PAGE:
Menu Expand
Outsiders Looking In

Outsiders Looking In

David Clifford | Laurence Roussillon


Additional Information

Book Details


The essays in this volume demonstrate how the Rossettis – from the celebrated Dante Gabriel and Christina to the comparatively neglected Maria and William – drew upon a shared cultural experience, and describe how each contributed to the intellectual debates of the age and played a substantial role in their various fields. Bringing together significant contributions from some of the most renowned experts on the Rossettis, 'Outsiders Looking In' provides important new perspectives on this talented family and their brilliant legacy.

This new interdisciplinary collection of writing explores the achievements of the Rossettis in the context of the Victorian era and in the light of modern cultural and literary criticism. 'Outsiders Looking In' considers the position that the Anglo-Italian Rossettis occupied in the cultural melee of mid-Victorian London, a status that was both central and fringe owing to their dual nationality.

'This is a satisfying collection in which all the essays present original material which helps shed light on English culture in the nineteenth century.' —'The Burlington Magazine'

David Clifford is a Lecturer and Fellow of Homerton College, Cambridge.

Laurence Roussillon is Maitre de Conférence in Nineteenth-Century British Literature at the University of Louis Lumiere, Lyon 2, France.

Table of Contents

Section Title Page Action Price
Front Matter\r 1
Half Title\r 1
Series Page\r 2
Title\r 3
Copyright\r 4
Contents\r 5
List of Illustrations\r 7
Acknowledgements\r 9
Contributors\r 11
Main Body\r 15
Introduction, by David Clifford and Laurence Roussillon\r 15
Part I. Italy and Italianness\r 21
Chapter 1. Sibling Cultures, by Jan Marsh\r 23
Notes\r 40
Chapter 2. William Michael and Lucy Rossetti: Outsider Insiders - The True Cosmopolitans, by Angela Thirlwell\r 43
Notes\r 58
Part II. Aesthetics in a Commerical World\r 61
Chapter 3. The Taxman and the Aesthete: The Canon According to WM Rossetti, by Peter Mandler\r 63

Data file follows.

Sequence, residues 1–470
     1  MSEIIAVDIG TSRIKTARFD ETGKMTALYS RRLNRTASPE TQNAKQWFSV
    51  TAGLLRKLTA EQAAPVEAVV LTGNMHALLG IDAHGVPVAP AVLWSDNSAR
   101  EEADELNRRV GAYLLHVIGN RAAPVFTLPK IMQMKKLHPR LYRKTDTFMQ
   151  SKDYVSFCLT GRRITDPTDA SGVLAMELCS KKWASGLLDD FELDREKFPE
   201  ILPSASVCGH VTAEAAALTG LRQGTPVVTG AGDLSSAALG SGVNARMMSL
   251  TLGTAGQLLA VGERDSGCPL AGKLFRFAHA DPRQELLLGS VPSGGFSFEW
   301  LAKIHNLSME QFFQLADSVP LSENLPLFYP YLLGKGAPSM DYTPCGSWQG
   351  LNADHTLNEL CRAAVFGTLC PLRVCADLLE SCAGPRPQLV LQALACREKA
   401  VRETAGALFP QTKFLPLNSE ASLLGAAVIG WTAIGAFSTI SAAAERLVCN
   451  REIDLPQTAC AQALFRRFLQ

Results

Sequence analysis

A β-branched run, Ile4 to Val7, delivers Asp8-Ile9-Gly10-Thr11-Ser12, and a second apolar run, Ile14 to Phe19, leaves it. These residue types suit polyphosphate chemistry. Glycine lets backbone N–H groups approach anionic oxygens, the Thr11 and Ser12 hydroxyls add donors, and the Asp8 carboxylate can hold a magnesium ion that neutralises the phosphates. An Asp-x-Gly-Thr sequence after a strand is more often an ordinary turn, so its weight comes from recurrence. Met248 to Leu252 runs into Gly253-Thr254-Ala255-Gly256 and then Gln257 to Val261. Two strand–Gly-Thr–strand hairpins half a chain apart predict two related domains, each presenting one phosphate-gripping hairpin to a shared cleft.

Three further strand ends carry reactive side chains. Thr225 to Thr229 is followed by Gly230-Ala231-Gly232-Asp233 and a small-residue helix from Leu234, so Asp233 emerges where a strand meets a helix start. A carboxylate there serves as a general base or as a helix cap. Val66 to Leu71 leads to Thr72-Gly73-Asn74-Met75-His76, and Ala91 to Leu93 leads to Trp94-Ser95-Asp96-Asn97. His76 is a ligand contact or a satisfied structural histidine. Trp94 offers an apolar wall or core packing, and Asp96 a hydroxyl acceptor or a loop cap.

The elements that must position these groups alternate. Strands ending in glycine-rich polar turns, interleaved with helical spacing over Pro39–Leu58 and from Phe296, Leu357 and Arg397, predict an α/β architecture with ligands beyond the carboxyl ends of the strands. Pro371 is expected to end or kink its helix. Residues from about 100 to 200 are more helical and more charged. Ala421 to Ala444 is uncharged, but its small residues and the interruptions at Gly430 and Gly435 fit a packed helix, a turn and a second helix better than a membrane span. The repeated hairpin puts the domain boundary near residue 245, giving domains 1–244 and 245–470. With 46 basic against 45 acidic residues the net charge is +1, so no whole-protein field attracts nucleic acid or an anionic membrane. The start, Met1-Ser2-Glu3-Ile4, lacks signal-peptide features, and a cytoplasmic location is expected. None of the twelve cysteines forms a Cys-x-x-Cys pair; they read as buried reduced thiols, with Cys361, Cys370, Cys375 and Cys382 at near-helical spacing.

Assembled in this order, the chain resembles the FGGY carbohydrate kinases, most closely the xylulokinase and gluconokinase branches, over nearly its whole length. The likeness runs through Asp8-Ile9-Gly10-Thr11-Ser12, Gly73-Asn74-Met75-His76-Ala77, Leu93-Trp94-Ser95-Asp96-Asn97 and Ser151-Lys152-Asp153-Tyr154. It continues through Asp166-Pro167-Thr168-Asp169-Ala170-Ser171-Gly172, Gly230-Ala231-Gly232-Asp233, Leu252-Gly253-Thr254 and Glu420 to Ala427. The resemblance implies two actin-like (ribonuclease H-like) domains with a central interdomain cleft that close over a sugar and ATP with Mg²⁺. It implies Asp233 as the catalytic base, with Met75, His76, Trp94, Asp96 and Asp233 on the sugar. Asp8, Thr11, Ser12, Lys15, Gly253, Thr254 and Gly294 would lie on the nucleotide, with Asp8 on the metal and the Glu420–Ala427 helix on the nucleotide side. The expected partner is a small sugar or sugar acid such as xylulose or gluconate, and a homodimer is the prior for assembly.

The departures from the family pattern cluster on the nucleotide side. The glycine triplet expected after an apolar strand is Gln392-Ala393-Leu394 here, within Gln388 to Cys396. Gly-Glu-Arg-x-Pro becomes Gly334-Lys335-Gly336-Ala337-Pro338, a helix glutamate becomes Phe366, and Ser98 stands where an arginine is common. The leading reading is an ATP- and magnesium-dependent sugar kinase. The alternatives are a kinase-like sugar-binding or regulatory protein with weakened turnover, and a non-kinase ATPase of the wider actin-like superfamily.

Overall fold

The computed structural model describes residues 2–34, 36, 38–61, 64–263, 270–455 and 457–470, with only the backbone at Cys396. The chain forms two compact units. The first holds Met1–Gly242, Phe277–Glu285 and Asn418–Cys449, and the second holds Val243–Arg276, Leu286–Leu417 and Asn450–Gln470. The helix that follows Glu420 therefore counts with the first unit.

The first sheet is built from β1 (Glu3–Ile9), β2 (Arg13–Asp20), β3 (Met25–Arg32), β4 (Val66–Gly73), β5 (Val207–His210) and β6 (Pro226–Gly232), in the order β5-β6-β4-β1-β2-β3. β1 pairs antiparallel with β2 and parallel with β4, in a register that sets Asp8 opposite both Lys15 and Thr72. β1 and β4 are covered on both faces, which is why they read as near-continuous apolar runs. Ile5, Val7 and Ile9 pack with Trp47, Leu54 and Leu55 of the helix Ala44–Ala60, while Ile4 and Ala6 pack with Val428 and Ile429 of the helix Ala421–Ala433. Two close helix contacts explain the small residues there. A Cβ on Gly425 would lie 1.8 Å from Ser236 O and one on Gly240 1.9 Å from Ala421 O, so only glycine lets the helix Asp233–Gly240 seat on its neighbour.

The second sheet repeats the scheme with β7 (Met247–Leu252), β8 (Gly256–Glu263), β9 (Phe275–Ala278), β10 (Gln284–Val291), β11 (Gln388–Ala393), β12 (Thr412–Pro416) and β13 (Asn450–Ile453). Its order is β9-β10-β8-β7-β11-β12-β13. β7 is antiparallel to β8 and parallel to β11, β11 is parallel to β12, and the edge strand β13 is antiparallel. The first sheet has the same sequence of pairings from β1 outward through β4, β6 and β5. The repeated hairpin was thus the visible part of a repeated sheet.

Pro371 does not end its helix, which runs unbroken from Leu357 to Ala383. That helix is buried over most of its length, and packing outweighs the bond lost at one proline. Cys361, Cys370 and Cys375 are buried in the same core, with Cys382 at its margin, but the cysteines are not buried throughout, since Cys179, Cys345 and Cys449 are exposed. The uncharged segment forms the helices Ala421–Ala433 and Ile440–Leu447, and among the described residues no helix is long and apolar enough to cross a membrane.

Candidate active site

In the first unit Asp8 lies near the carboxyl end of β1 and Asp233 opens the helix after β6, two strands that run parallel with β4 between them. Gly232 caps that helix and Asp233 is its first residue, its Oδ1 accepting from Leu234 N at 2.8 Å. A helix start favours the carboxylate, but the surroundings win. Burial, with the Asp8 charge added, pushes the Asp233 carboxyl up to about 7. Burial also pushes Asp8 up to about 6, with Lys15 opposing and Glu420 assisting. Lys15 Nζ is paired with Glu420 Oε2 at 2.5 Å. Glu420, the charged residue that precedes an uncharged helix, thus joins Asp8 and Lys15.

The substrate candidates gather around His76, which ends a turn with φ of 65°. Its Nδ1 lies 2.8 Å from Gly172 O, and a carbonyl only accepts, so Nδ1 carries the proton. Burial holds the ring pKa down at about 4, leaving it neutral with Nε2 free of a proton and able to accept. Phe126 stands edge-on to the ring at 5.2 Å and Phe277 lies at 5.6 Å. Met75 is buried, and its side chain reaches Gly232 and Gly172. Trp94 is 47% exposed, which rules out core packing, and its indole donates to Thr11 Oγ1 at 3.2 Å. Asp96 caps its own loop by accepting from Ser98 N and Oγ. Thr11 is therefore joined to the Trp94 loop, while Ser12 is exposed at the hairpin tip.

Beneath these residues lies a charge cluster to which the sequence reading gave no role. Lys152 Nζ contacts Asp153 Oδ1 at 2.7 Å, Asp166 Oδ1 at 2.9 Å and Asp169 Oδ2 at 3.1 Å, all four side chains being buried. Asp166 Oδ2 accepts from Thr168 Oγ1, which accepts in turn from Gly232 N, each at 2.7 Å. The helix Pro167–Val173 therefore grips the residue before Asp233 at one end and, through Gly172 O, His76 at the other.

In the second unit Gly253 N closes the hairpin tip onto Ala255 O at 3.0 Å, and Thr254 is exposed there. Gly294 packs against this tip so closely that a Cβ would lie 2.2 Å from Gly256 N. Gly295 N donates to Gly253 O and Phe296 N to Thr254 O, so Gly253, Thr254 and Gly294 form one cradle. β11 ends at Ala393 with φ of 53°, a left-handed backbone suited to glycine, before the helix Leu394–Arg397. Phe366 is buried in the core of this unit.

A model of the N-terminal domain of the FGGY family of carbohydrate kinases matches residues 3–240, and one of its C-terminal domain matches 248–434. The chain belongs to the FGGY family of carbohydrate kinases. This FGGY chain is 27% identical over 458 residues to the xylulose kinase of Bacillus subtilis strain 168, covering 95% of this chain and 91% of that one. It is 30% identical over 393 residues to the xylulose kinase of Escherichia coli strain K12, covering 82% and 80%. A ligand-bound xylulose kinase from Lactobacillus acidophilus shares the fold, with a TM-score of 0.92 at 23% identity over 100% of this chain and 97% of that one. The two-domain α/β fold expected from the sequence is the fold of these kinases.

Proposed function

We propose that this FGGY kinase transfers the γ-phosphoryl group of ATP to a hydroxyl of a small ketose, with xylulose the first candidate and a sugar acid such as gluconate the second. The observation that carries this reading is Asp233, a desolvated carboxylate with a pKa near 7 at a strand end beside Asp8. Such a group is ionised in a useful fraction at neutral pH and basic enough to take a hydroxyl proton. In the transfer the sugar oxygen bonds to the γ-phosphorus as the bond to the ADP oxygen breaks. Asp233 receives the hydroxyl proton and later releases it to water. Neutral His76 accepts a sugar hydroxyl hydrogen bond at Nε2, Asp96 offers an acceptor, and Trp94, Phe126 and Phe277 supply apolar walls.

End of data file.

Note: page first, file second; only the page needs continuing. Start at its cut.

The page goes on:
Notes\r 72
Chapter 4. Copyright and Control: Christina Rossetti and her Publishers, by Lorraine Janzen Kooistra\r 75
Notes\r 87
Chapter 5. Recollections of PB Shelley: William Michael Rossetti, Political Commitment and Literary Capital, by Michelle Hawley\r 91
5.1 Shelley's Heart\r 95
5.2 Collections\r 97
5.3 Utopianism\r 99
5.4 The Fleshly School\r 103
Notes\r 105
Part III. Faith in an Age of Science\r 109
Chapter 6. Pews, Periodicals and Politics: The Rossetti Women as High Church Controversialists, by Mary Arseneau\r 111
Appendix\r 120
Notes\r 124
Chapter 7. 'A Sort of Aesthetico-Catholic Revival': Christina Rossetti and the London Ritualist Scene, by Emma Mason\r 129
Notes\r 140
Chapter 8. In the footsteps of his Father? Dantean Allegory in Gabrielle Rossetti and Dante Gabriel Rosetti, by Valeria Tinkler-Villani\r 145
Notes\r 157
Chapter 9. Mystic, Madwoman or Metaphysician?: The Analogical Theodicy of Christina Rossetti, by Maria Keaton\r 159
Notes\r 166
Chapter 10. Christina Rossetti's Challenge to Victorian Mentality: The Parodic, Unconventional Pattern of 'My Dream', Mariaconcetta Costantini\r 169
Notes\r 179
Part IV. Radical Poetics\r 183
Chapter 11. DG Rossetti and the Art of the Inner Standing-Point, by Jerome McGann\r 185
Notes\r 200
Chapter 12. Maundering Medievalism: Dante Gabriel Rossetti and William Morris's Poetry, by Clive Wilmer\r 203
Notes\r 214
Chapter 13. The Aesthetics of Morbidity: DG Rossetti and Buchanan's 'The Fleshly School of Poetry', by Gavin Budge\r 217
Notes\r 232
Part V. Literary Tradition and the Rossetti Legacy \r 235
Chapter 14. 'It Once Should Save as Well as Kill': DG Rossetti and the Feminine, by Catherine Maxwell\r 237
Notes\r 247
Chapter 15. Pushing the Well-Beloved: Thomas Hardy, Jocelyn Pearston and the School of Rossetti, by John Holmes \r 251
Notes\r 264
Chapter 16. Dante Gabrial Rossetti's Poetic Daughters: Fin De Siecle Women Poets and the Sonnet, by Florence S Boos\r 267
The First Generation\r 270
The Second Generation\r 280
Conclusion\r 287
Appendix: Ten More Rossettian Sonnets\r 288
Notes\r 293
End Matter\r 297
Selected Bibliography\r 297